Category Archives: Theatre

Poetry: Pilgrims by John Sheldon Dias

sheldon Dias

Sheldon John Dias was born and raised in Kolkata. The city, with all its chaotic grandeur and unyielding magic, has left an indelible mark on him. He acknowledges its shortcomings, yet celebrates its chaos. He has been teaching in Dubai since 2016. Sheldon began his career as a journalist before moving to the Education industry. He was associated with Trinity College, London before taking the leap to Dubai. Sheldon has dabbled in the creative Arts and has worked as an Assistant Director in a few plays in Kolkata before writing and directing his first play at The Short and Sweet Theatre Festival in Dubai. He is currently working on his first book where he attempts to experiment with various forms of literary expression.

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‘Everything in India, including religion, is a story’: Reviving the old tradition of Dastaangoi with Mahmood Farooqui

Mahmood Farooqui in conversation with Gargi Vachaknavi

 Dastangoi is the art of Urdu storytelling that was popular all across India and could regale commoners and elites alike. That was in times of Mughal splendour. The performers were artists and writers rolled into one who left behind over 46,000 pages of published fantasies. The Dastans were the stories told by these storytellers, the gois. Unfortunately this art form completely vanished, leaving behind few memories.

Inspired by the scholarship of one of Urdu’s greatest living writer S. R. Faruqi, Mahmood Farooqui began its revival in 2005 and has since then trained dozens of other storytellers or Dastangos, staged over a thousand shows all around the world and has composed over a dozen modern Dastans for the genre. With all the innovations that he and his team have spearheaded, a virtually new genre of performance and a new kind of writing for the stage has emerged in our times.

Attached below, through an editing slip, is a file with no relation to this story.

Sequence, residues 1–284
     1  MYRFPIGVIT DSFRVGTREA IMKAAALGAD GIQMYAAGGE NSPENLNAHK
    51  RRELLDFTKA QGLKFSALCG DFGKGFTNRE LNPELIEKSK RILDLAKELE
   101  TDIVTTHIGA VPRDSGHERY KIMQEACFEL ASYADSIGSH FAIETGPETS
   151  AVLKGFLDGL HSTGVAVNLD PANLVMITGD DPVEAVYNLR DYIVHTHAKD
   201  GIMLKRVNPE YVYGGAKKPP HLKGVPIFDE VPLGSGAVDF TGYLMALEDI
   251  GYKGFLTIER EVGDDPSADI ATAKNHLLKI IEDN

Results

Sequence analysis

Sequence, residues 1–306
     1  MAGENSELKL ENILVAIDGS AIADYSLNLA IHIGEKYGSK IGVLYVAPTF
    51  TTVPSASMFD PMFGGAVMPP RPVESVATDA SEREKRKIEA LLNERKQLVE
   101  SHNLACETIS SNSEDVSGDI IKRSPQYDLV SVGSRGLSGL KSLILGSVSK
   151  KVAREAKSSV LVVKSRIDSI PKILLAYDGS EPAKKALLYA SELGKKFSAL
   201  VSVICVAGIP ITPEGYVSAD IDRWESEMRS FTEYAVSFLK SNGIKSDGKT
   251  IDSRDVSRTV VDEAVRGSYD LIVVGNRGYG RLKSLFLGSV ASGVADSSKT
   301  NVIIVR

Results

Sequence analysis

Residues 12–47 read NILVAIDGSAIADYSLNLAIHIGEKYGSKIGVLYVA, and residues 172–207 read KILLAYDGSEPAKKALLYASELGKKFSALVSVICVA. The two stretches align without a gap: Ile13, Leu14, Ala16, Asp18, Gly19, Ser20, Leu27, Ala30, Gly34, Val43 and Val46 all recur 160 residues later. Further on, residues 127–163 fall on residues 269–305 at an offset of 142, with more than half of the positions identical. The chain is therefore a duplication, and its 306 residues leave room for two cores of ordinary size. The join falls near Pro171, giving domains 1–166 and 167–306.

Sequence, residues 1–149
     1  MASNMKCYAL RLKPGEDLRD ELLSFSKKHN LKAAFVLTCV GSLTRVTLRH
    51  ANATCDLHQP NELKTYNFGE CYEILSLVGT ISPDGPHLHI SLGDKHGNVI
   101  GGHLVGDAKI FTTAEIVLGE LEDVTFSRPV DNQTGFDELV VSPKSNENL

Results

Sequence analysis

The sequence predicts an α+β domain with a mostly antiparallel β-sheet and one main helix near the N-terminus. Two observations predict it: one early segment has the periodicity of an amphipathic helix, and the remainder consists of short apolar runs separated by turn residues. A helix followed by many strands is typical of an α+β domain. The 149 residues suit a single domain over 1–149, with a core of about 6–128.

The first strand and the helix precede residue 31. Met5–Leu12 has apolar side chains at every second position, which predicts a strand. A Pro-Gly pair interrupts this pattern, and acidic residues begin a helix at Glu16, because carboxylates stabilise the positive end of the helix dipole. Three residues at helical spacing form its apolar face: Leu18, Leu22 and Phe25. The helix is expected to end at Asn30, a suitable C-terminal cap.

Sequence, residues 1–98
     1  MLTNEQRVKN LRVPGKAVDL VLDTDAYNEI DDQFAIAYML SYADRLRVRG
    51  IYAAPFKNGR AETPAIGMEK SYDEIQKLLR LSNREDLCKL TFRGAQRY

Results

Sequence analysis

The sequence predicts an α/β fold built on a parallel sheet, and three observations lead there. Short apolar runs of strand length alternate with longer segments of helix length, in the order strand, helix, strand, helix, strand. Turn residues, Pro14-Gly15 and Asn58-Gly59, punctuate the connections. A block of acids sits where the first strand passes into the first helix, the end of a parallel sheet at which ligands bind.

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Mahmood Farooqui performing

Farooqui is an award winning writer and performer. He was awarded the Bismillah Khan Yuva Puraskar by the Sangeet Natak Akademi of the Union Government for his efforts in reviving Dastangoi. His book on the 1857 uprising Besieged: Voices from Delhi, 1857, was awarded the Ram Nath Goenka Award for the best non-fiction book of the year by the Indian Express Group. He has been a visiting fellow at the Universities of Michigan, US and Berkeley, California and was a Rhodes scholar at the Universities of Oxford and Cambridge. His latest book is A Requiem for Pakistan: The World of Intizar Husain. He has written over 15 modern Dastans for the stage and has trained nearly 50 people besides performing close to 500 shows himself. His wife, film maker Anusha Rizvi, is not only the producer of the Dastangois but also the award winning writer-Director of Peepli Live, a 2010 satirical comedy with the involvement of greats like Aamir Khan and Raghuvir Yadav.